Open Source Automotive Development

Jeff Payne (OpenCar, Inc.), Sam Skjonsberg (OpenCar, Inc.)
Open Hardware, Programming
Location: Portland 255
Average rating: ***..
(3.17, 6 ratings)

Open Source Automotive Development

Subtopic slides (20 min):

Why Cars?

  • Millions of screens
  • Captive audience
  • Pristine territory (awaiting “killer apps!”)

The Existing, Broken Model

  • Automakers “job shop” to build a walled garden of specific apps for a specific car IVI system.
  • Developers hard code an app (Pandora, Bing, etc) to that car’s specs, with high touch and validationfrom a specific automaker
  • App is released on a car manufacturing schedule, can’t be updated after launch
  • Automaker has a new make or model year or region to support, so restart the expensive cycle above
  • Does not scale. Too much work costs too much money

The Upcoming, OS Approach

  • Automaker specs/systems are encapsulated by a standards-based reference platform
  • Developers adopt an open platform to
  • App is submitted to an app store, allowing drivers to discover/download what they prefer and get updates
  • Automakers future models or systems or brands or regions retain the reference platform so that existing apps can support new cars without redevelopment
  • More efficient development for both developers and automakers, more pleased customers

What do You Need to Create Car Apps?

  • UX between the app and the driver, which complies to safety and driver distraction regulations and concerns, and also automaker brand and style
  • A service layer between the app and the vehicle, to utilize the systems and vehicle information available in each car, from the tire pressure and oil temperature to the GPS location to the buttons being pressed on the dashboard
  • A cloud service layer between the app and the Internet, for ongoing app-specific data transfer from music to messages and more

Safety Issues

  • Driver distraction mitigation
  • Park mode
  • Voice command integration
  • Other contingencies

Telematics Info

  • OBD II and beyond, Industry standard powertrain, maintenance information available
  • CAN System Telematics, “everything” in the car, decoded by an automaker-provided encapsulation layer and “rosetta stone”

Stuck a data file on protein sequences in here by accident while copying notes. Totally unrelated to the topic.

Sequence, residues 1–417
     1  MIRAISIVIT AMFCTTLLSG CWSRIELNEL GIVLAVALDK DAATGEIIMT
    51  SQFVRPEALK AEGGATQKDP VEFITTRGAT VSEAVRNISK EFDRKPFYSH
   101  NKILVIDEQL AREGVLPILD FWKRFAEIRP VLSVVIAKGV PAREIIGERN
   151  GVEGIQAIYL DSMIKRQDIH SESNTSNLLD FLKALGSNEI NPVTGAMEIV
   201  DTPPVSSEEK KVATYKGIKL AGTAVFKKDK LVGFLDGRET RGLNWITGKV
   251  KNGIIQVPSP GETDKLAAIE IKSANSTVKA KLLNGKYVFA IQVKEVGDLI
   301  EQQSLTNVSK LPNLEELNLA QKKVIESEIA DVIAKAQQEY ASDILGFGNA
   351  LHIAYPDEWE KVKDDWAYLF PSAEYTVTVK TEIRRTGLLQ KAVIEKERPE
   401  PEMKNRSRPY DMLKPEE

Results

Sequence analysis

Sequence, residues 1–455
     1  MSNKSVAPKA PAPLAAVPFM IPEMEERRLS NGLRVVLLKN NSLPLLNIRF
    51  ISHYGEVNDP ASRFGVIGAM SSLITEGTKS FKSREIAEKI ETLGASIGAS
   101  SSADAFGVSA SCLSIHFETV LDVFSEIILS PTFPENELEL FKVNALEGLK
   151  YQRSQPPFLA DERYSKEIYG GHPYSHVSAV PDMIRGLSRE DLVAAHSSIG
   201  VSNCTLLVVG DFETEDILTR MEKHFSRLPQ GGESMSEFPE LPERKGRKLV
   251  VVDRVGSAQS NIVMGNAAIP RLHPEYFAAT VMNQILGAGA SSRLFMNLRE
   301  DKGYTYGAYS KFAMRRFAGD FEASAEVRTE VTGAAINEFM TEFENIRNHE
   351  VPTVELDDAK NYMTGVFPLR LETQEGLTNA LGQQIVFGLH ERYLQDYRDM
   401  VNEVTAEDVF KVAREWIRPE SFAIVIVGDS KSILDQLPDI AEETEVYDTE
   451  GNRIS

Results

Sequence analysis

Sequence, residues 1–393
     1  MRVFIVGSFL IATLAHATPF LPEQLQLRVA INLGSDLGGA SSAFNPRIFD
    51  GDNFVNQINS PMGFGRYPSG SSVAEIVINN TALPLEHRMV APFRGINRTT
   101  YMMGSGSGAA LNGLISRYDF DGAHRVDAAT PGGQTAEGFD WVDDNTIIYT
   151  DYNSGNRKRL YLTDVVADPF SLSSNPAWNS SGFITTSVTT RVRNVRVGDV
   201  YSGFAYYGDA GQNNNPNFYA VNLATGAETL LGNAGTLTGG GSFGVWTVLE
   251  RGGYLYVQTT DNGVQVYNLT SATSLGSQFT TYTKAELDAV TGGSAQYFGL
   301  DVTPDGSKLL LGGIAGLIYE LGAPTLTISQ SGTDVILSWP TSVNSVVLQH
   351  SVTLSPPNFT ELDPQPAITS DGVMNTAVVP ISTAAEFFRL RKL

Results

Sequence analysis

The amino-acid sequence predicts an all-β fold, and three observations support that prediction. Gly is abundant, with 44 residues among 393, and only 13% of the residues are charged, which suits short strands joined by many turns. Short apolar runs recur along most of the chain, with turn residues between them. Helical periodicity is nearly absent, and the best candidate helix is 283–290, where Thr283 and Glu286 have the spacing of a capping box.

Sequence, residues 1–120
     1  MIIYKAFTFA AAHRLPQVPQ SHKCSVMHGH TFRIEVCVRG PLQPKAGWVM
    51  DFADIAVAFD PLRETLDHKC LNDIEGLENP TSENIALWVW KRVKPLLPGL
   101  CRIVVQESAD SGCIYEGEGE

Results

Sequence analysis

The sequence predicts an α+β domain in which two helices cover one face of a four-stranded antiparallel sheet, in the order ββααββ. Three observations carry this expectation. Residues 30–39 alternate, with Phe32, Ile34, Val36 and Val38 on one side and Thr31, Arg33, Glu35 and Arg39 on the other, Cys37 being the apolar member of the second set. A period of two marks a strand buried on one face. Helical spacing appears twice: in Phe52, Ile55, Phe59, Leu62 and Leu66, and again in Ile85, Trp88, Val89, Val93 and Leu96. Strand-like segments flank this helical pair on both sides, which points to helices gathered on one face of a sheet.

UX Support

  • IVI Systems, from limited, curated segments like Ford Applink textblocks to controlling embedded browsers
  • Navigation models: focus, swiping, hit targets that work in car
  • Control libraries: consistency between apps, and with embedded automaker UX such as CD player and HVAC UX
  • App frameworks: media, telematics, GPS, messaging/news frameworks

Connected Cars

  • Smartphone bridging through BT, USB, Screen scraping, H3
  • Connected services eg OnStar

Automaker “portal” Support

  • Cover approaches from Mercedes MBrace, OnStar, Pioneer AppRadio, My BMW for Android, iPhone

Demonstration

Creating an “OS” Automotive App in ten minutes

  1. Meet “Sam. ” He is an HTML5/Javascript developer
  2. He uses some SDK-installed base classes that encapsulates his app from the hardware specifics
  3. He uses a control library to quickly build a UI and fill in event handlers
  4. He uses these prebuilt APIs to simplify retrieving his MPG to the car
  5. He uses these prebuilt APIs to upload his best MPG to his facebook timeline to brag to his friends
  6. He uses the automaker provided “theme” to skin for both Automaker A and Automaker B
  7. He “packages” it up
  8. He can test his app on this system which is a linux board representing A’s IVI, and this second board represented by this iPad.

Note:

  • One app codebase, two output targets, two different skins applied.
  • Sam wrote once published “many”
  • Sam does not need handholding to rebrand his apps for different automakers
  • He already knows what to code via open, standards based docs and general purpose HTML5 skills
  • Sam doesn’t need to recode his app to work with different cars
  • Sam’s apps are “prevalidated” as safe and legal and easy to use with consistent UX
Photo of Jeff Payne

Jeff Payne

OpenCar, Inc.

Jeff Payne: Over the past 20 years, Jeff has directed systems design, operations, software and hardware development for a series of notable companies. At Spry in 1993, he helped conceive and develop the one of the first integrated Internet software products for consumers, O’Reilly’s Internet-In-a-Box. In 1996, he created the first global-scale Content Delivery Network (CDN) for multimedia, RealNetworks’ Real Broadcast Network (RBN). As co-founder of Bivio Networks in 2001, he helped create a new product category found in almost every large network today, the field-programmable packet-editing appliance. He then founded GridNetworks in 2005 and drove it to a merger in 2009 before creating OpenCar in 2011. His most recent endeavor is OpenCar, which he founded in 2011 to provide software and services for a new and highly specialized category of Internet-connected device, the modern automobile.

Sam Skjonsberg

OpenCar, Inc.

Sam Skjonsberg is an engineer on the platform team at OpenCar. He’s passionate about all things JavaScript, HTML and CSS with an extensive background in client-side development. Prior to joining OpenCar, Sam worked as a Senior UI Software Engineer for Marchex, where he was the lead engineer on an in-browser telephony solution for the Firefox browser. Before that Sam spent a few years with the digital agency, PLY, where he was the go-to resource for building highly interactive client web applications. When he’s not hacking away Sam likes to tear down the mountain on his snowboard or take his dog for a hike.

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